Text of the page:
Steps to maximize screening efficiency

By |  May 17, 2019

Equipment suppliers offer advice that aggregate producers can put to use to enhance their screening operations.

Headshot: Matt Brinkman, Screen Machine Industries.


Strategically adjusting mobile screens is critical

Considerations you should make, courtesy of Screen Machine’s Matt Brinkman

When it comes to mobile screens, take the time to adjust the screen as screened material changes or if the machine is moved.

Terrain is rarely ever level in mobile applications. Making sure you have the proper angle of inclination, as well as ensuring the screen is level from side to side to fully utilize the entire screen deck width, are important considerations.

The beauty of mobile machines is it is fairly easy to move the machine to keep the screen in the proper position for maximum efficiency.

Matt Brinkman is director of engineering at Screen Machine Industries.

Headshot: Barry Proctor, Elrus Aggregate Systems


How belt cuts provide insights on efficiency

Elrus Aggregate Systems’ Barry Proctor details this simple yet effective measure

Many producers don’t use in/out belt cuts to gain insight into screening efficiency and performance in order to improve production.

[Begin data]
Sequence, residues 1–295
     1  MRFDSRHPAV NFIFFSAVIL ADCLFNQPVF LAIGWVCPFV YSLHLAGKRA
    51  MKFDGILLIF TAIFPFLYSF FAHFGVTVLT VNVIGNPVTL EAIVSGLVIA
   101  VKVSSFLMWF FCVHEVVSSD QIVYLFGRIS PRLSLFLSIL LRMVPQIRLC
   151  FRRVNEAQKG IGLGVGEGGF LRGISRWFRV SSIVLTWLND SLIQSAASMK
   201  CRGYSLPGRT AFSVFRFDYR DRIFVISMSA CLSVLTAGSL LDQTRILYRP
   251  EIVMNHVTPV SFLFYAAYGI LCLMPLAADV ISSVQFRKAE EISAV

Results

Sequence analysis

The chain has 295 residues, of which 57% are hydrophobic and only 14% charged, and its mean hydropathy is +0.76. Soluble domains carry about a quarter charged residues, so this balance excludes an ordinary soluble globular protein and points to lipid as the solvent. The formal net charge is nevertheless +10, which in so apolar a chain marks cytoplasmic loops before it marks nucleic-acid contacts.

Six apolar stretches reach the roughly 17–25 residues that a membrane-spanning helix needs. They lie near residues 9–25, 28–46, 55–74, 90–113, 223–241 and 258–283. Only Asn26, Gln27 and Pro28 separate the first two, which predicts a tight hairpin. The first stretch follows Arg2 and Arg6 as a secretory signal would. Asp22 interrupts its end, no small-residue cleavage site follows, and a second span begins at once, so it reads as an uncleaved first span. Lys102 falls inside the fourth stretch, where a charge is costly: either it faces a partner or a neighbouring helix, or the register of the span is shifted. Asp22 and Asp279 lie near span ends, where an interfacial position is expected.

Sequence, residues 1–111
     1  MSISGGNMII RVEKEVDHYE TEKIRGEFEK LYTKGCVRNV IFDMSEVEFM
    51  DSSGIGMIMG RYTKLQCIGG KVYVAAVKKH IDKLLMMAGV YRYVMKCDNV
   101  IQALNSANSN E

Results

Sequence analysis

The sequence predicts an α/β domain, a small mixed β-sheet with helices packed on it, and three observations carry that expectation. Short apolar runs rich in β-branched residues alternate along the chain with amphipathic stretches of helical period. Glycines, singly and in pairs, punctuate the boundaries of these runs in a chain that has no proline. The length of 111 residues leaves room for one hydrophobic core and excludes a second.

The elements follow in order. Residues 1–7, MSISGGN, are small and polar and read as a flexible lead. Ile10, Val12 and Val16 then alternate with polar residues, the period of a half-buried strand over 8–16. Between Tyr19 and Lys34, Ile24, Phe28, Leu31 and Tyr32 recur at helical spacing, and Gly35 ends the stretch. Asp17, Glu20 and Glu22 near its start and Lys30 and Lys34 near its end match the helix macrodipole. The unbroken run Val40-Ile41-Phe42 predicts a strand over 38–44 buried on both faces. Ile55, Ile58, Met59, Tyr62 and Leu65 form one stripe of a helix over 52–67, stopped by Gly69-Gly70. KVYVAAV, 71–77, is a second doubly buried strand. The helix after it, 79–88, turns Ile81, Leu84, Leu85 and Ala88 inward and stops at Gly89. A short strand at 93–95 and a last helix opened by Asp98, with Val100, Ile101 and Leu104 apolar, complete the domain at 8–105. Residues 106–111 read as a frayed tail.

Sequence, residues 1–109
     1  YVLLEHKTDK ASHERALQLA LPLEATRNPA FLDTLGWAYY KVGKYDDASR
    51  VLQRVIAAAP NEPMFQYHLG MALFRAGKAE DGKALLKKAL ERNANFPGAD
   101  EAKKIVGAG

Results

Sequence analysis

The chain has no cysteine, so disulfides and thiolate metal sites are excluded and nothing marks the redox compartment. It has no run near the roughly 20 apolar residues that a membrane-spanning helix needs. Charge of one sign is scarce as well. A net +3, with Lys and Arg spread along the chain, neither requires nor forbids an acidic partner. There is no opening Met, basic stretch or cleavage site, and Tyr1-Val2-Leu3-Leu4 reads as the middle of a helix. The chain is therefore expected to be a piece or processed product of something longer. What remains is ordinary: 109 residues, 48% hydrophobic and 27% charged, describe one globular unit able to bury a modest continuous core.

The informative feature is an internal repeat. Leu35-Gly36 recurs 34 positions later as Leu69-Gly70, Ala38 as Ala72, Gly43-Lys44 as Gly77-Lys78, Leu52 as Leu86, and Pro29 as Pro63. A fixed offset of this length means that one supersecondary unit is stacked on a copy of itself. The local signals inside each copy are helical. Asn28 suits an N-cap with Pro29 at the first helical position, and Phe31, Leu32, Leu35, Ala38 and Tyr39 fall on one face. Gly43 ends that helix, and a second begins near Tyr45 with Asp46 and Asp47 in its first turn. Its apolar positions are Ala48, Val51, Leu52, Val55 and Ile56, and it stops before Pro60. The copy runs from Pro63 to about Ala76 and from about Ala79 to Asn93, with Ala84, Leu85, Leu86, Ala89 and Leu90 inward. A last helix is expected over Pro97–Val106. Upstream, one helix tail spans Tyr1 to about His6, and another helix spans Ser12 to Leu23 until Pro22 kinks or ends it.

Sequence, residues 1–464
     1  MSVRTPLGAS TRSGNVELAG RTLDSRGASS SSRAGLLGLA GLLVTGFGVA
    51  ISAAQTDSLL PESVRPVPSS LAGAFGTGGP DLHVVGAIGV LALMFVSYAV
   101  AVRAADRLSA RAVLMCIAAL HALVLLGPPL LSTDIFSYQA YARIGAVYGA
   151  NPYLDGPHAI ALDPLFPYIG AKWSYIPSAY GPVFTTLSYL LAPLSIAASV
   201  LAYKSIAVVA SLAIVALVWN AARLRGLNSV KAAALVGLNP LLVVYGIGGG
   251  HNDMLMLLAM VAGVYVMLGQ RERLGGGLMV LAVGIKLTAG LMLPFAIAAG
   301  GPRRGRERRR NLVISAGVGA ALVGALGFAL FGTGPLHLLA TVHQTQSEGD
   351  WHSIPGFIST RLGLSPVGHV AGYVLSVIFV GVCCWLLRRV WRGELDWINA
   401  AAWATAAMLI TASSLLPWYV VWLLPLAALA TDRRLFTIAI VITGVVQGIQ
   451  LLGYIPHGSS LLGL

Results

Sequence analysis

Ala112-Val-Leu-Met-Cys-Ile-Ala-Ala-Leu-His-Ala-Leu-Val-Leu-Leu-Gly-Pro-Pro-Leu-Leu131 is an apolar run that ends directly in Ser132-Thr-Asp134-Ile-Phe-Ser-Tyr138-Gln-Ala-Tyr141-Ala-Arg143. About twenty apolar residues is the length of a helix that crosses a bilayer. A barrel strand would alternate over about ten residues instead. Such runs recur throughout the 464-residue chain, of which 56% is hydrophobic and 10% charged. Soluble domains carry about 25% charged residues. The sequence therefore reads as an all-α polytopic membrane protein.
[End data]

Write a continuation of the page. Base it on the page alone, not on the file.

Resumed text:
The screen is the cash box of the plant. If it’s not operating efficiently, it’s costing you money by reducing overall production.

A belt cut from the discharge conveyor will show exactly how efficient the screen is operating and allow the operator to take steps to resolve the problem. In order to determine the effectiveness of the changes, it’s important to make one change at a time, then re-test until the problem is resolved.

Just be smarter than the rock. It sounds easy, but it’s not.

Barry Proctor is Western USA manager at Elrus Aggregate Systems.

Headshot: Steve Fair, Haver & Boecker


Matching media with the screening phase

Haver & Boecker’s Steve Fair explains the value of this approach

One of the most overlooked areas of the screening process is screen media selection. Producers tend to install the same media all the way down the deck, even though different things are happening on that deck in different places.